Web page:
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Month in review

Reviews
Adventures of Rusty & Ginger Fox by Tim Ostermeyer
Anton and Cecil: Cats at Sea by Lisa Martin
Bird & Squirrel on the Run by James Burks
The Calling by Kelley Armstrong
Crunch Time by Diane Mott Davidson
The Day the Crayons Quit by Drew Daywalt
Daylight Moonlight by Matt Patterson
Demons are a Ghoul's Best Friend by Victoria Laurie
The Drowned World by J.G. Ballard
Graceling by Kristin Cashore
Gringa in a Strange Land by Linda Dahl
I Love My New Toy! by Mo Willems
I Thought You Were Dead: A Love Story by Pete Nelson
Ill Wind by Nevada Barr
Into the Unknown by Stewart Ross
Miss Rumphius by Barbara Cooney
My Side of the Mountain by Jean Craighead George
Naomi and the Horse-Flavored T-Shirt by Dan Boehl
Nicking Time by T. Traynor
Phantom Eyes by Scott Tracey
Rifka Takes a Bow by Rebecca Rosenberg Perlov
School Spirits by Rachel Hawkins
So Thick the Fog by Catherine Pomeroy Stewart
Storm Warning by Linda Sue Park
Their Eyes Were Watching God by Zora Neale Hurston
This Happy Place: Living the Good Life in America by Bentz Plagemann
The Time Fetch by Amy Herrick
A Timely Vision by Joyce Lavene and Jim Lavene
Tourmaline by Joanna Scott
Vespers Rising by Rick Riordan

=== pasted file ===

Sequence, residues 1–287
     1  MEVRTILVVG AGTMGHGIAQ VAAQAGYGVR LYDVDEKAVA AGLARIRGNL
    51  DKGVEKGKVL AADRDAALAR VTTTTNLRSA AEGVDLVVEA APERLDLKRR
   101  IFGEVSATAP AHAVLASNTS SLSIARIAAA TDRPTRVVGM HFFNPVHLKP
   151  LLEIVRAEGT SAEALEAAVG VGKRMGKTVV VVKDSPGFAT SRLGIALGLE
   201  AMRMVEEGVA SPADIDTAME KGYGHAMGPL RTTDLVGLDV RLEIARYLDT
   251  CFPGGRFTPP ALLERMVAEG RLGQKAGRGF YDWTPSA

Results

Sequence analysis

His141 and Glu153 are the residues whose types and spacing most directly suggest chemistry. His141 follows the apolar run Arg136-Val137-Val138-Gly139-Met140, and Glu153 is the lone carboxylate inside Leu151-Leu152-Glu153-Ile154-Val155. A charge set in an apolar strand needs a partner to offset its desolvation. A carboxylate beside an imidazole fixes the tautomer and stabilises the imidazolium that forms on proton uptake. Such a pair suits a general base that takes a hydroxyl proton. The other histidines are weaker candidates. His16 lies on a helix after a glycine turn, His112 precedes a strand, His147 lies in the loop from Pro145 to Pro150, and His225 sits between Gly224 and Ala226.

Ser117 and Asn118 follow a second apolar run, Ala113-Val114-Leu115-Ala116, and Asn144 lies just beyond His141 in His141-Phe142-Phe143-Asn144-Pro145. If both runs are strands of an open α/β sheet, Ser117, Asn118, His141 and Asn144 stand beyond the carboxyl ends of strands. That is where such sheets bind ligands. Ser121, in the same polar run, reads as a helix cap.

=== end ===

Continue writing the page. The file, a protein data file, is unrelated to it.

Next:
What Color Is My World? by Kareem Abdul-Jabbar

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Rating System

5 stars: Completely enjoyable or compelling
4 stars: Good but flawed
3 stars: Average
2 stars: OK
1 star: Did not finish

Reading Challenges

My Kind of Mystery Reading Challenge 2017 February - January 2017-8




Comments for Naomi and the Horse-Flavored T-Shirt

Naomi and the Horse-Flavored T-Shirt: 10/18/13

cover artIn Kosher Nation by Sue Fishkoff I read that in the 1960s an estimated 90% of food consumed by American was processed. Naomi and the Horse-Flavored T-Shirt by Dan Boehl takes that thought to the extreme, imagining a near future where (at least in what remain of Texas), all food is created by the factory. Imagine a culture and economy based on paste production and consumption.

Naomi, the titular character, can see that a world built around paste doesn't make any sense. She decides to follow her heart and discover the truth behind the factory. Of course anyone familiar with the expression "ready for the glue factory" won't exactly be surprised by what she finds — but there are a few other eye opening details left for discovery.

Although the writing is a little rough around the edges, it reads like a blend of George Orwell (for the dystopian allegory) and Roald Dahl.

Three stars

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